With its exposed wheels and aerodynamic styling, the Tramontana sports car makes a bold statement among automobile cognoscenti. Only 12 people a year get the privilege of owning one of these Spanish dynamos. Street legal, it can zip from zero to 62 miles per hour in less than four seconds.
Needless to say, it will get you noticed.
"Only a handful of lucky people can get this car," says Wes Brown, a principal analyst for the market-research firm Iceology in Los Angeles. Owning such an icon, notes Brown, is like "being in a rarefied, special club."
For car fanatics without the patience to endure the eight months it takes to make it to the top of the Tramontana waiting list, we offer one (admittedly small) consolation: a list of the coolest cars you've never heard of.
Either way, consider this a walk through the lesser-known corners of the motoring world.
Exclusive League of Nations
Our rundown of obscure but cool autos spans the globe, with cars from Zeewolde, The Netherlands; Bairo, Italy; Wetzikon, Switzerland; and Shanghai, China, among other locales, making the cut. We included only modern-day cars like the Sypker C8 Aileron from Holland, and we discounted limited-edition or rare-trim models on well-known cars made by well-known brands (like Mercedes-Benz affiliate AMG or Ford's Shelby mustangs).
Some entries on our list, like the tiny plug-in electric Mitsubishi iMiev, are set for mass production in the US in the near future. Likely price tag: $30,000.
Others, like the aristocratic Pininfarina Hyperion and muscle-bound Saleen S7, are exquisitely redesigned or hyper-souped-up versions of mainstream vehicles. Consider these two models only if you have a fat wallet. The Saleen S7 sells for $550,000 and up, while the Pininfarina Hyperion has a price tag in the seven figures (depending on where it goes up at auction).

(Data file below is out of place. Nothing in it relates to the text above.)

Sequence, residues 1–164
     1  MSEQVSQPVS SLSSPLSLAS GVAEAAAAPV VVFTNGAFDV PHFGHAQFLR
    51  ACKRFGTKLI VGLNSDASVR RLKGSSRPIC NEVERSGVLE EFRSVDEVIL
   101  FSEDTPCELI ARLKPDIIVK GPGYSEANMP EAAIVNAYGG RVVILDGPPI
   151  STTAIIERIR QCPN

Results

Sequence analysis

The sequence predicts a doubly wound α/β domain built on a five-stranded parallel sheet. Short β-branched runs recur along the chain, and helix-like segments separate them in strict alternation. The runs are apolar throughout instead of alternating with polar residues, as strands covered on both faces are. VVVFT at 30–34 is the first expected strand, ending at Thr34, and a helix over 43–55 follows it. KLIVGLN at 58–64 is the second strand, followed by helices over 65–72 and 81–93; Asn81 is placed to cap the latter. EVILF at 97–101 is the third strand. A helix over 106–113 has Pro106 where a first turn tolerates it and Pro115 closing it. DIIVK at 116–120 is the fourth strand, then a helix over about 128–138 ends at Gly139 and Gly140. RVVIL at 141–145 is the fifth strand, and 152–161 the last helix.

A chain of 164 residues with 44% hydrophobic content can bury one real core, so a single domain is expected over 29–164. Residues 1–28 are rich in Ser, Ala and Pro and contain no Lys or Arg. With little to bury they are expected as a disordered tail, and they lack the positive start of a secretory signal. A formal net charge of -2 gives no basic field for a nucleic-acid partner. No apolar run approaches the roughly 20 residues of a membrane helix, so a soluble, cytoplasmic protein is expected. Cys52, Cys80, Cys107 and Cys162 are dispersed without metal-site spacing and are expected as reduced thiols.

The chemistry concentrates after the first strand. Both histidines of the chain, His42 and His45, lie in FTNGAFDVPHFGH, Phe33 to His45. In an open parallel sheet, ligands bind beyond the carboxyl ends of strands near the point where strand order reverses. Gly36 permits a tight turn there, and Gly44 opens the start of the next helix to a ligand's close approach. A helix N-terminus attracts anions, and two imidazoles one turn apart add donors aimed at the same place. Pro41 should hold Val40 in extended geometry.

Despite being featured in the 2003 movie Bruce Almighty, the Troy, Mich.-made S7 has remained relatively unknown among car buyers. For those who have had the good fortune to get a live gander at the lizard-like supercar, the experience is unforgettable.
"It's a wild machine," says Gil Dezer, a Florida collector with more than 200 vintage and performance cars in his portfolio. "With the Saleen, you pull up to the restaurant or to the racetrack with it, and it looks pretty spectacular."
But one blink and it's gone: The Saleen S7 goes from 0-60 in just 2.8 seconds.
With a 0-60 mph time of 5.8 seconds, the $87,900 Fisker Karma, made in Irvine, Calif., is not only fast, it's efficient. The plug-in sports coupe uses no gasoline for the first 50 miles of driving and then runs in hybrid mode for any distance after that. Designed by the styling great Henrik Fisker, who also created the BMW Z8, Aston Martin DB9 and Aston Martin V8 Vantage, it proves electric cars don't have to be dowdy or slow.
Instead, says Mike Granoff, head of oil independence policies for Better Place, a venture-backed company aimed at eliminating global dependence on oil, electrics like the Karma and iMiev provide a glimpse of the inevitable, even if they're not currently well-known.
"There certainly has been a lot of change in that two years ago there was a real clash of visions about what would come after oil," Granoff says. "Today, there's really no more clash. The consensus is built around electrification. The only remaining differences are how to get there and at what speed. "
Until then, lovers of the iMiev and Karma--not to mention the Tramontana and S7--can expect to remain a rare bunch.